The effect of anisotropy on crack propagation in pearlitic rail steel
Paper in proceedings, 2012

One of the main sources of damage caused by Rolling Contact Fatigue (RCF) in railway components are the large plastic deformations that accumulate in the surface layer under rolling contact loading. Large irreversible deformations in components made of pearlitic steel induce anisotropy in mechanical properties of the material in the surface layer. In the present work the influence of the anisotropic layer on propagation of cracks in rail head is investigated. Based on the concept of material forces, a computational framework for simulation of propagation of planar cracks is formulated where the propagation rate is linked to a crack-driving force. An anisotropic fracture surface model is employed to capture the effect of changes in the resistance against crack propagation in different directions and depths in the surface layer. Results of simulations for cases with different characteristics in the surface layer show that the anisotropic layer has a substantial influence on the crack path.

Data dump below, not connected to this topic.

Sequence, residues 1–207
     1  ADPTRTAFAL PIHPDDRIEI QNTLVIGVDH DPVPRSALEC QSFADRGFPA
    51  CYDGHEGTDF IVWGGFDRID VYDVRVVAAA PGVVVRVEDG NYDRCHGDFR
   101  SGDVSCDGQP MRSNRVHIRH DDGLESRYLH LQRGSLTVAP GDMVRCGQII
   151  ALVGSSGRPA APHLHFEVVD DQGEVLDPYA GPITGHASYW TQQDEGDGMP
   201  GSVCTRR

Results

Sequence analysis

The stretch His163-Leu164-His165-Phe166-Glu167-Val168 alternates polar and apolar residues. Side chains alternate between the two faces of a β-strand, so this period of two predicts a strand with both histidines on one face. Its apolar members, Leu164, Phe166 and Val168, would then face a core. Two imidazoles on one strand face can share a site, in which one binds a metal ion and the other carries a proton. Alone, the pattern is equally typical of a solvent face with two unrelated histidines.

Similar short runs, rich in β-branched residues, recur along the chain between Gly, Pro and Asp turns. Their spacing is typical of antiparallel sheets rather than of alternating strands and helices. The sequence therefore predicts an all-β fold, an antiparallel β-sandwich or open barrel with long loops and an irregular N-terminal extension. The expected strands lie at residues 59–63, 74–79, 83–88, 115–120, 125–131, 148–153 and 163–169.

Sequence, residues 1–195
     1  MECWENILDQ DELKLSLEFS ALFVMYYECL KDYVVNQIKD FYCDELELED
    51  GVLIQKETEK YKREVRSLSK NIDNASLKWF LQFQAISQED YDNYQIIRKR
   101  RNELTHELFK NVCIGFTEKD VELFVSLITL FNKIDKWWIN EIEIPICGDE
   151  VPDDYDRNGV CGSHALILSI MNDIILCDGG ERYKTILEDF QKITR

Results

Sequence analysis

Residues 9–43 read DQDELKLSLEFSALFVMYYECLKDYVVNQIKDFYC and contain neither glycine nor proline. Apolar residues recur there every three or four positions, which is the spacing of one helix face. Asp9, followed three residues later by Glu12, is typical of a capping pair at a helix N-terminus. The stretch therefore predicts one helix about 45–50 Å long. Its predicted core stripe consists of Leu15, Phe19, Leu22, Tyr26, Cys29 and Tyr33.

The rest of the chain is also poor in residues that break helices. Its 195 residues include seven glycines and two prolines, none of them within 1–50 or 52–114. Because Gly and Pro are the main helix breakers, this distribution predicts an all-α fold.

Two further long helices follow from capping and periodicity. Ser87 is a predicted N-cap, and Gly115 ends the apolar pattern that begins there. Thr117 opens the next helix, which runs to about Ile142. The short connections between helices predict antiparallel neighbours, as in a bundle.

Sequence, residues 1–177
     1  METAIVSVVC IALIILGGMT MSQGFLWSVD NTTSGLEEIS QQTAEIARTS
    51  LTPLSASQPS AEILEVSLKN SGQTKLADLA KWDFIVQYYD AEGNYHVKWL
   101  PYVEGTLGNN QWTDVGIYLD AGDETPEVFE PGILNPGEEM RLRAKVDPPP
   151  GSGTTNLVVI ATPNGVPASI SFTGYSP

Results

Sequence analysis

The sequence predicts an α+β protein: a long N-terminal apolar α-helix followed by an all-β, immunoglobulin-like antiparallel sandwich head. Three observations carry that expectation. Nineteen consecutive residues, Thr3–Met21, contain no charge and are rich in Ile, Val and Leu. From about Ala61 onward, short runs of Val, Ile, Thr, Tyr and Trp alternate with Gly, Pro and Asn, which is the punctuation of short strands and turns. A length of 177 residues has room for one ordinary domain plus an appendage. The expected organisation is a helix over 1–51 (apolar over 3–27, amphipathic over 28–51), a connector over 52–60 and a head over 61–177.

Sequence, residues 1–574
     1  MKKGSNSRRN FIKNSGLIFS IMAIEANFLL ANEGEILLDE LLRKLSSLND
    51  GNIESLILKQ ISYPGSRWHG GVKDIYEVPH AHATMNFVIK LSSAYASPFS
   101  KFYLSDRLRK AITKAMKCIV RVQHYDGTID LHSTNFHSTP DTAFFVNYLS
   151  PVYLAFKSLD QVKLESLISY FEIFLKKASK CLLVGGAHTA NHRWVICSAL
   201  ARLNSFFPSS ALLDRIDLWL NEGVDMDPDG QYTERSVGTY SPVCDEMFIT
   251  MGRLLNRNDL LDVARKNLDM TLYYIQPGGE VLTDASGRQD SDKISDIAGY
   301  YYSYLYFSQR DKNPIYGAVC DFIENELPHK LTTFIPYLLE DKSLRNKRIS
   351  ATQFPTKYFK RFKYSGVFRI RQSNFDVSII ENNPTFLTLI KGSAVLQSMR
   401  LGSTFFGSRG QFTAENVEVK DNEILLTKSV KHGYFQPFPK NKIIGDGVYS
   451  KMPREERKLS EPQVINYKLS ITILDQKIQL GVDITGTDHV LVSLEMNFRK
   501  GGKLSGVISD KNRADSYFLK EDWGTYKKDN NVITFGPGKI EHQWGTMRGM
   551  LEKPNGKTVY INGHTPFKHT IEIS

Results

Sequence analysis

Chalmers, Applied Mechanics, Material and Computational Mechanics

Jim Brouzoulis

Chalmers, Applied Mechanics, Material and Computational Mechanics

Martin Schilke

Chalmers, Materials and Manufacturing Technology, Materials Technology

Magnus Ekh

Chalmers, Applied Mechanics, Material and Computational Mechanics

9th International Conference on Contact Mechanics and Wear of Rail/Wheel Systems, CM 2012; Chengdu; China; 27 August 2012 through 30 August 2012


Subject Categories

Mechanical Engineering

Materials Engineering

Areas of Advance


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